Stretching up the east side of Georgian Bay is an archipelago called the ‘30,000 Islands’. I haven’t counted them but viewed from an airplane it seems there could be that many.
However, if you’re still out in a canoe after dusk the 30,000 become one large, never ending island and good luck finding the island you camped on. That meal you’re longing for is there just waiting to be cooked and eaten :- )
One morning I canoed out into a thick fog and down a wide channel towards open water. When I left the channel and headed towards the shore islands slowly began to appear out of the fog. It was quite magical.
This is a 27×14.5 cm, five colour reduction print.
The Luther Marsh is a large, man made lake that affords sanctuary for many, many birds, migratory and otherwise. Areas of it still have the trees that died when the area was flooded and some of these support nests like the Blue Heron nest in my print.
A few posts ago I had a sketch of some rock in the north end of the Georgian Bay; here’s a nine colour, 9×12 engraving from that sketch. Sit still long enough to sketch and birds come by, turtles, lizards and snakes poke their heads out from hiding and, usually, an enormous ant takes a bite of some bit of exposed butt cheek.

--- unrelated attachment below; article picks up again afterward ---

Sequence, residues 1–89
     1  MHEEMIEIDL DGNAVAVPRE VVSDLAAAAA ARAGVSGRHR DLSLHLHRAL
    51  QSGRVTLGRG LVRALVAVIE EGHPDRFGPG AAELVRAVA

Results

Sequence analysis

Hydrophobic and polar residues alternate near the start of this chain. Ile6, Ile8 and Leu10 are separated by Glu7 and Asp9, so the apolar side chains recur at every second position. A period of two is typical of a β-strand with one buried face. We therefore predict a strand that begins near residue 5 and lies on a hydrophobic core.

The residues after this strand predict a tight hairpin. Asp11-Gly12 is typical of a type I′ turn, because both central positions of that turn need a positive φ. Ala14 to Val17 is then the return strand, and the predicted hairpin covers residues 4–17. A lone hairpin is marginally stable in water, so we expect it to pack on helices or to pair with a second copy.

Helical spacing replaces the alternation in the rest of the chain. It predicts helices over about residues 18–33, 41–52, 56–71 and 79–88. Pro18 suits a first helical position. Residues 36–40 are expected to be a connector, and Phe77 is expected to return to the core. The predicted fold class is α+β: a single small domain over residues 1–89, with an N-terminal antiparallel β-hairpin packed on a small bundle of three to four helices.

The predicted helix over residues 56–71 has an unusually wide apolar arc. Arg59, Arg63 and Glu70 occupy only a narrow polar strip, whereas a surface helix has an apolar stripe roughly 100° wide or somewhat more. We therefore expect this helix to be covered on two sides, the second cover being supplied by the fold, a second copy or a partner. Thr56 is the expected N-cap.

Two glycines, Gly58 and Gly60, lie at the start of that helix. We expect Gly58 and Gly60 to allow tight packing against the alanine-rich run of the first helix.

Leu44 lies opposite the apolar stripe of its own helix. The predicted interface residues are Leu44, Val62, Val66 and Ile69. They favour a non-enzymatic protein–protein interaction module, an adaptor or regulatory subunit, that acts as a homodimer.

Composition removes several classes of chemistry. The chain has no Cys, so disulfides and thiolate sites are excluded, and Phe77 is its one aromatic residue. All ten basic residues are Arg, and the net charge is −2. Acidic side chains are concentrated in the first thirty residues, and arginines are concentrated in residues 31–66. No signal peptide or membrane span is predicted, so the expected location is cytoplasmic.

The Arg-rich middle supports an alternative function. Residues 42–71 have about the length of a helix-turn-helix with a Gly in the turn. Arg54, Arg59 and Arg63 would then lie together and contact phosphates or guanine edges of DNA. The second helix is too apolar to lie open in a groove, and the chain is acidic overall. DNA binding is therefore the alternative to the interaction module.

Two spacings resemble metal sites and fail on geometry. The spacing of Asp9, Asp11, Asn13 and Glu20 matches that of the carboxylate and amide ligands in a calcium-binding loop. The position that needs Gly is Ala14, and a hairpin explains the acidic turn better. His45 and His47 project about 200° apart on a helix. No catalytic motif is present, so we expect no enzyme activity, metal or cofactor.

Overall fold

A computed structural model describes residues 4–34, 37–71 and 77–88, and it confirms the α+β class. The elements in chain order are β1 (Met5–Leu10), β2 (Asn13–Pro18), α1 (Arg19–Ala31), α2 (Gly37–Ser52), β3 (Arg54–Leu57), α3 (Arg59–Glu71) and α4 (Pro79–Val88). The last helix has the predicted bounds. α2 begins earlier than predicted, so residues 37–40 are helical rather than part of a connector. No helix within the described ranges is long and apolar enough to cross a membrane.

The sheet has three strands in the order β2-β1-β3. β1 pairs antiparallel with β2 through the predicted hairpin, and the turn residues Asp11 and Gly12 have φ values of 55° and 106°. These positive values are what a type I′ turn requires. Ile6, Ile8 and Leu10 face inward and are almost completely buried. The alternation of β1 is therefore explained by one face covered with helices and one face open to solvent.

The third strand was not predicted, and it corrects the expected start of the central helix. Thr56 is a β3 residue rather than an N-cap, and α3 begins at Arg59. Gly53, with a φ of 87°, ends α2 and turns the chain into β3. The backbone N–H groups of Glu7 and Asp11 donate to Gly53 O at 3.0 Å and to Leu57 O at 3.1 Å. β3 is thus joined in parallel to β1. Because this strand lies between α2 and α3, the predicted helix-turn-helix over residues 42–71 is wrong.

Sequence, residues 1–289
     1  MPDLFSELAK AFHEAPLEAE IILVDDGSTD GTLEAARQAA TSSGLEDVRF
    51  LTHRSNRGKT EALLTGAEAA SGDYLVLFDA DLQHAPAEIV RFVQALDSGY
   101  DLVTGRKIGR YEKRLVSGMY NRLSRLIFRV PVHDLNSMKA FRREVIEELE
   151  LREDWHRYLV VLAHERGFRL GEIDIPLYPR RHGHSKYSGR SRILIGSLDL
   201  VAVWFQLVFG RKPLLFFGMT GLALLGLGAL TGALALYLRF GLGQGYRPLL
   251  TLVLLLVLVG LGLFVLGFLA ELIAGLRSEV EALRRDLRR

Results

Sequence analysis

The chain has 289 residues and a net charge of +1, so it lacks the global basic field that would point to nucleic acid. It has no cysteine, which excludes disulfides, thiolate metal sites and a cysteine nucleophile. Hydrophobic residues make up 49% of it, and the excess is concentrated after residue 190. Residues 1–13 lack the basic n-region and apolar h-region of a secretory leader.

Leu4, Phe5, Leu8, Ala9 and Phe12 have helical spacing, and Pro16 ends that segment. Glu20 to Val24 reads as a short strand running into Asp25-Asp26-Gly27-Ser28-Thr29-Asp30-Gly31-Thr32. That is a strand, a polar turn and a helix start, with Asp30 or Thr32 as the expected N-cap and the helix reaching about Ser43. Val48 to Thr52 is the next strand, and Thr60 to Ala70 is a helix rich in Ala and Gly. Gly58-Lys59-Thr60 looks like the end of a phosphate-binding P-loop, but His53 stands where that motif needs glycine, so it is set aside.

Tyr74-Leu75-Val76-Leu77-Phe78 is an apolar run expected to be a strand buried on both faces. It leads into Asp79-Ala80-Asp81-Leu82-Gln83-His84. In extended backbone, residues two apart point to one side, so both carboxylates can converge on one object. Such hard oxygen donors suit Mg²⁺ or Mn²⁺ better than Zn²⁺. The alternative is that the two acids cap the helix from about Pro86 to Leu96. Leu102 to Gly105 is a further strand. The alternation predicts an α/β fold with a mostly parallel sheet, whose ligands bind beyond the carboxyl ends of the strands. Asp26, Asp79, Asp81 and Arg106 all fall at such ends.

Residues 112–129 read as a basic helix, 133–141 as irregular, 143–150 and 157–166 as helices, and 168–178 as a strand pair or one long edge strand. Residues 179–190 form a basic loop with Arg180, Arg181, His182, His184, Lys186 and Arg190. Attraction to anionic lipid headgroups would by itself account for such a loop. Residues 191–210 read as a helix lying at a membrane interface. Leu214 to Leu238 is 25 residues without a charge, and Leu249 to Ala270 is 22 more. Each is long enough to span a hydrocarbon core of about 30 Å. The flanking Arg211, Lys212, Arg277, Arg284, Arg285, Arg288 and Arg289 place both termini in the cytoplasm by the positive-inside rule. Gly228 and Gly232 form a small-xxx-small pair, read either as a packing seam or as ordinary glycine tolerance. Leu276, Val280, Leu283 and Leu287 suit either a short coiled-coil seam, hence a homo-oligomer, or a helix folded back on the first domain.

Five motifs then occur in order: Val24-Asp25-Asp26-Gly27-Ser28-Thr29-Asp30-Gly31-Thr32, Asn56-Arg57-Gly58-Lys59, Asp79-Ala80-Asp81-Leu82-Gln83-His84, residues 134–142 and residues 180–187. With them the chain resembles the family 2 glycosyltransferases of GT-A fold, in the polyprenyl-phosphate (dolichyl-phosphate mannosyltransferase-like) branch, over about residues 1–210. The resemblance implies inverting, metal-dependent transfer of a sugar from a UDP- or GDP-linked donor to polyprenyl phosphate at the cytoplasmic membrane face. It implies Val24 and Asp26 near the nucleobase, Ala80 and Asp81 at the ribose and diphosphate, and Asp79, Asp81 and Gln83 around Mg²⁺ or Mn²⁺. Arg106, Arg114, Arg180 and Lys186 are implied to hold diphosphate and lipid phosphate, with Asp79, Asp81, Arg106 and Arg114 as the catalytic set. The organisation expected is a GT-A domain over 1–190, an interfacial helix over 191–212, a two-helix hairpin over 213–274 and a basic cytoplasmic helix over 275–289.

It must be February, the winter seems never ending so I haul out the sketchbooks and imagine myself doing lichen impressions on a rock in Georgian Bay or thereabouts. This is one such rock in one of my reflective moods.
Georgian Bay conjures up visions of pines bent from the incessant wind but the very edge of the Bay is populated by tough little cedar trees that somehow defy some very nasty winter winds to grow in little or, seemingly, no earth.
After visiting the cheek to jowl State campgrounds in New York and Pennsylvania in August, it was a treat to canoe out into the peace and quiet of northern Georgian Bay’s archipelago.
At some point in the past some really, really, strong individuals arranged a few really, really, massive stones into a fireplace complete with seating with, of course, a wonderful view. The sketch was an attempt to capture the tangle of trees on the opposite shore.
At the moment, what I like about this print is the total absence of snow. Perhaps even more is that it reminds me of a sunny afternoon sitting on a huge rock with a friend drawing rocks and trees and water and rocks and trees and water, but mostly enjoying the sun.
No matter how nice an air mattress I drag along when I’m camping I wake up about 4:30 – 5:00 am then turn from side to side to side like a rotisserie, trying to get comfortable. I never do so I get up. The upside is that I have lots of drawings done in the early morning calm. I liked the tree in this sketch and so, pining for the north, so to speak, engraved it. It’s 6.5×9 with five tones of grey ink on Stonehenge paper.
As you move away from the mainland to the edge of eastern Georgian Bay the pines give way to cedars and vast expanses of rock ground smooth by glaciers. I spent a few days canoeing, enjoying the sun, doing ink washes of cedars and trying not to scratch multiple spider bites.